A Venezuelan artist once detained for entering the United States illegally hopes his exhibit at the Boca Raton Museum of Art eases the shroud of anonymity often cast over those referred to as “undocumented immigrants.”
“People need to know all of the horrific kinds of circumstances that families are willing to put even their babies [through] just trying to find an opportunity,” explained Jose Alvarez. “I think anonymity, the silence, the being hidden creates an abstract notion about all of these people.”
Alvarez was locked up at Miami’s Krome Detention Center in the middle of 2012 for entering the country with a false passport. At the time, Alvarez recalls being depressed and refusing to talk with fellow detainees. After a few days, a bunkmate told the disheartened artist that he had to shake off his depression and “be a warrior.”
Alvarez took the words to heart and began to draw his newfound friend, thereby giving him the inspiration for what became the present-day exhibit – “Jose Alvarez (D.O.P.A.), Krome” – which is on display at the Boca Raton museum through January.
Making use of pens and any paper he could find within the detainment facility, Alvarez ended up creating sketches of about 30 men he lived with during his two-month internment at Krome. Along the way, he said, he uncovered their stories of hardship, confusion and misfortune that culminated in their arrests and eventual detention there.
One of the more striking narratives captured by Alvarez is the story of a detainee from the Ivory Coast named Brahima. As retold by the artist, Brahima remained in his bunk for nearly two months before being approached as a potential subject of the project. After agreeing to take part, the detainee cried as he was being sketched, which Alvarez understood as the man’s joy at finally being fully seen and recognized as an equal human being.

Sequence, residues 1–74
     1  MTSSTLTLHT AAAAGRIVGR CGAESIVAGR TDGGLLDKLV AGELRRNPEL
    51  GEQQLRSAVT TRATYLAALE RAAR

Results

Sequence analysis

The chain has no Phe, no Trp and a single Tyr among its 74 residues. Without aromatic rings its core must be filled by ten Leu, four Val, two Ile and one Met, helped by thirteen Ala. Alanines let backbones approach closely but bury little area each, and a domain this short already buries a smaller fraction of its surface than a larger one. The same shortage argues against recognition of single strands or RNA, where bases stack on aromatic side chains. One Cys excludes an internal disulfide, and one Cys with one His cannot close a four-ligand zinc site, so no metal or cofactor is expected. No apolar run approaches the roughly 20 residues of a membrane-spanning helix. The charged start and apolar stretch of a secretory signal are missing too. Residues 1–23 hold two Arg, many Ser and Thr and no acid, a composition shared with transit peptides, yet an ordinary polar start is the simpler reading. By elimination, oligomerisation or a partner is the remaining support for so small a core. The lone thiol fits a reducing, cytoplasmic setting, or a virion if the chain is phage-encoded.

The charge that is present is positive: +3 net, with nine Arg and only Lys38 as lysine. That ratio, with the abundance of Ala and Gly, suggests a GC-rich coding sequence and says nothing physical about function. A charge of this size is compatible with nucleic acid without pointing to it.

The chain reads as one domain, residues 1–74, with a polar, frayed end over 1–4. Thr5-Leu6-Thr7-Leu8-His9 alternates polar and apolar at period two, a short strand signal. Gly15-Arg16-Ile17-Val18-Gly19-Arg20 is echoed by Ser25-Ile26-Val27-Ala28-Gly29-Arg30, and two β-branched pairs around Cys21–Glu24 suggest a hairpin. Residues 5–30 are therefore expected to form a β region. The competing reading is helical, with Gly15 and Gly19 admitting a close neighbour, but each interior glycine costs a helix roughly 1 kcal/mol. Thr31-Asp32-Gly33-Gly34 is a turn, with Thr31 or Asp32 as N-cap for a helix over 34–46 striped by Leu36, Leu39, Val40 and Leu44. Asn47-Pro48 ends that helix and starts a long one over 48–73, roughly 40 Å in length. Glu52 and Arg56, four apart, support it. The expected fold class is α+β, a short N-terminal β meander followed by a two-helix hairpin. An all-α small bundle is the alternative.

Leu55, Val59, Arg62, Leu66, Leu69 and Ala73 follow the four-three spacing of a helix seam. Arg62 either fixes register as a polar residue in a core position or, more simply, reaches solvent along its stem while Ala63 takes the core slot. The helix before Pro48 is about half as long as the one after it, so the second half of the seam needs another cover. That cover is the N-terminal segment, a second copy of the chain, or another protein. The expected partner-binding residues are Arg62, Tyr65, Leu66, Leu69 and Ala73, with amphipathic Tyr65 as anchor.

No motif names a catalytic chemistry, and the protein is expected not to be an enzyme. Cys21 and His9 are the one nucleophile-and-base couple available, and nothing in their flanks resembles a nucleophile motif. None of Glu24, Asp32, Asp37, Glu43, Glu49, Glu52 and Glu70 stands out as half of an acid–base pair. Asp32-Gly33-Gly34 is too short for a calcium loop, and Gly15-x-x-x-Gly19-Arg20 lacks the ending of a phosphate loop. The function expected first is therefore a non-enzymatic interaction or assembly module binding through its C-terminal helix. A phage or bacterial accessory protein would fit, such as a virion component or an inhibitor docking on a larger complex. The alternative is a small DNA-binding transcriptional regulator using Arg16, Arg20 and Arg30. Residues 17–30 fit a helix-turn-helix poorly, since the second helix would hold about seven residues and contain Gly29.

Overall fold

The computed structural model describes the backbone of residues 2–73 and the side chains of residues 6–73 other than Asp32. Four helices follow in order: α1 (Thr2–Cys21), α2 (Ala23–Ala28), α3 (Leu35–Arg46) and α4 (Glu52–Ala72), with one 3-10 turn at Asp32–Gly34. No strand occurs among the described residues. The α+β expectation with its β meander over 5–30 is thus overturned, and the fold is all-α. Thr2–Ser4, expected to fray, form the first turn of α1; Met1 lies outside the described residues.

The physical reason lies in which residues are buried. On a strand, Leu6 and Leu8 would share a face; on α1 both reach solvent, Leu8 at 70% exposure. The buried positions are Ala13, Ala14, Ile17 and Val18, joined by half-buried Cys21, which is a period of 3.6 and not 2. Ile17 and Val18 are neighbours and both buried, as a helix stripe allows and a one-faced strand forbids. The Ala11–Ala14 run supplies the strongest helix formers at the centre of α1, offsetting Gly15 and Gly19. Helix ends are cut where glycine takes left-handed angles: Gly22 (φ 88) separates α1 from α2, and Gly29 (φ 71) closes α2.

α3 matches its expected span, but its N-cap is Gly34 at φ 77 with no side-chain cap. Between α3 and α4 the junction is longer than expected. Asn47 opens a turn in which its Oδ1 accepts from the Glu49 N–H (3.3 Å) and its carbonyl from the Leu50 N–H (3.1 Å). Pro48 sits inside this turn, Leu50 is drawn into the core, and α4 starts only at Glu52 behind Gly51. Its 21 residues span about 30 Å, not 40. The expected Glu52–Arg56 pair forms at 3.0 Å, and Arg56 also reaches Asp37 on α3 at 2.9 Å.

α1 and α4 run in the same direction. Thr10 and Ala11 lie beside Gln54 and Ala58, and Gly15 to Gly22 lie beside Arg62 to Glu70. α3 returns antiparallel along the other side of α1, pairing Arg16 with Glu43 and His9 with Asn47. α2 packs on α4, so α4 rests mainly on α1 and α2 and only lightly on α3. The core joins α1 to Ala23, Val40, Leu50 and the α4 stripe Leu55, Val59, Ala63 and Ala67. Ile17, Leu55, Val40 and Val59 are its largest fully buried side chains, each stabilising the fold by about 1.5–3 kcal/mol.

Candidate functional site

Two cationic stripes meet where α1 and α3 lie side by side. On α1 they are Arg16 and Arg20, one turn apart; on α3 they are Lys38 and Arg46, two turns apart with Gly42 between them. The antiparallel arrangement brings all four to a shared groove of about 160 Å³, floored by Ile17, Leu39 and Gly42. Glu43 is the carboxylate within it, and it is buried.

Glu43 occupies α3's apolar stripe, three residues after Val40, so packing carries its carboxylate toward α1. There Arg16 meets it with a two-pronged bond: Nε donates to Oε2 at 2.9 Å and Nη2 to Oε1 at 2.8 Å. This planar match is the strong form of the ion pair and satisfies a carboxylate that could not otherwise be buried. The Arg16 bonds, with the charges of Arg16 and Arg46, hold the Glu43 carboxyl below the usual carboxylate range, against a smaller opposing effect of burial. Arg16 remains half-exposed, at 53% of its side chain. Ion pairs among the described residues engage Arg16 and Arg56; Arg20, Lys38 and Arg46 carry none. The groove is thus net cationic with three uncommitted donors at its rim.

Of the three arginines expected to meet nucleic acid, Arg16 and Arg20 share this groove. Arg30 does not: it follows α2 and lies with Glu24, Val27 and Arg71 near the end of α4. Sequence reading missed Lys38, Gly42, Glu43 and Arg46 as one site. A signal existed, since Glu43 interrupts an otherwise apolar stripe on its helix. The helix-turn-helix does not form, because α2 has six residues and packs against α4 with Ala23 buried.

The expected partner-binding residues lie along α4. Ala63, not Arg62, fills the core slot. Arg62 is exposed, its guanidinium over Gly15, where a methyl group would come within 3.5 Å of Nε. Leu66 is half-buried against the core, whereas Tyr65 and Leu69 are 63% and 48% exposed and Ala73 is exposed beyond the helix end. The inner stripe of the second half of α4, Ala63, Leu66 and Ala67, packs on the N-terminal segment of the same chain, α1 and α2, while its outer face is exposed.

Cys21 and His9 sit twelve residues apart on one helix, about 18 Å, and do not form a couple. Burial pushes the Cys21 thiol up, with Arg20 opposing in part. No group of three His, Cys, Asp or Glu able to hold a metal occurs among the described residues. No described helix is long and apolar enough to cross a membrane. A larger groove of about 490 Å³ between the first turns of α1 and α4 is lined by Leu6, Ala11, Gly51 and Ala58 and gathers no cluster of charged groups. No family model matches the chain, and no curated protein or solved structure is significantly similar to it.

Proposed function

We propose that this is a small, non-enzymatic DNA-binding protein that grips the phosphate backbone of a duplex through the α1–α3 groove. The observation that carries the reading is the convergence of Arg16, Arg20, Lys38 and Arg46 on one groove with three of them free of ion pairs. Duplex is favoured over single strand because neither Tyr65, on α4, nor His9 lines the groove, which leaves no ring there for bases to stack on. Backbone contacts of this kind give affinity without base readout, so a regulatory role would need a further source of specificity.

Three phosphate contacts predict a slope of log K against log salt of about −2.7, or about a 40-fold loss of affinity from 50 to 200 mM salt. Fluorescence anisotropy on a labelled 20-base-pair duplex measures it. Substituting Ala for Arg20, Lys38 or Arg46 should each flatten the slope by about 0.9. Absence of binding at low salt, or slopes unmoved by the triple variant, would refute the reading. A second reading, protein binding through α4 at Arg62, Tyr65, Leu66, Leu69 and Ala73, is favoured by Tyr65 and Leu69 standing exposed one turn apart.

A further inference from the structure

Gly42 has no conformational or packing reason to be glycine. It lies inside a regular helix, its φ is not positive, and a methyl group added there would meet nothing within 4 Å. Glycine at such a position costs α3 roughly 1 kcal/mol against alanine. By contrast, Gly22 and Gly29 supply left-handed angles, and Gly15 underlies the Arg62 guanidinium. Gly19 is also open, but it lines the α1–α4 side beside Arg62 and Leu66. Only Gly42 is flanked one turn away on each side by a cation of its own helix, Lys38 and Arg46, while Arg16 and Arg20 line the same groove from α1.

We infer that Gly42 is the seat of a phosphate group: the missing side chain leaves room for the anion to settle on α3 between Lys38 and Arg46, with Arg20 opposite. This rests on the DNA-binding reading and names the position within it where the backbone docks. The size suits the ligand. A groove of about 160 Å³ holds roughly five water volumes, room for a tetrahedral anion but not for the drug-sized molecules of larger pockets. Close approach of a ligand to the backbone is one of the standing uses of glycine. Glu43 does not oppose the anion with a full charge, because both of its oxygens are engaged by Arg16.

Almost all of the men sketched by Alvarez have been deported back to countries including Guatemala, Hungary and Morocco, leaving the artwork at the Boca museum as the only evidence of their failed attempt to garner a piece of the American Dream.
“I think that it serves many purposes, not only for me, but for [the subjects] as well. It isn’t really about me — it’s about all of us trying to cope with that situation. Art was the instrument that gave hope and dignified us,” Alvarez expressed.
The timing of the exhibit is fortuitous, given the tenor of the rhetoric surrounding U.S. immigration policies in the current presidential campaign. Republican nominee Donald Trump has been very vocal about his desire to strictly enforce existing immigration laws, calling for mass deportation of undocumented immigrants living in the United States as well as constructing a wall along the U.S.-Mexico border.
Boca Raton museum officials, however, noted that the timing of the exhibit is coincidental, as they began planning for it two years ago.
Alvarez said there is a general lack of knowledge about deportation, and the people whose ambitions are stopped at the border.
“These people are people with families, kids and grandparents. I’m not saying by any means that anyone is free of fault — I only want people to position themselves in [the subjects’] shoes,” he commented.
Regardless of the effect he hopes to make through his artwork, Alvarez was quick to provide a full perspective on the number of pieces he created.
“These are just 30 of [thousands of stories]. This was just my experience, what I witnessed and what I felt.”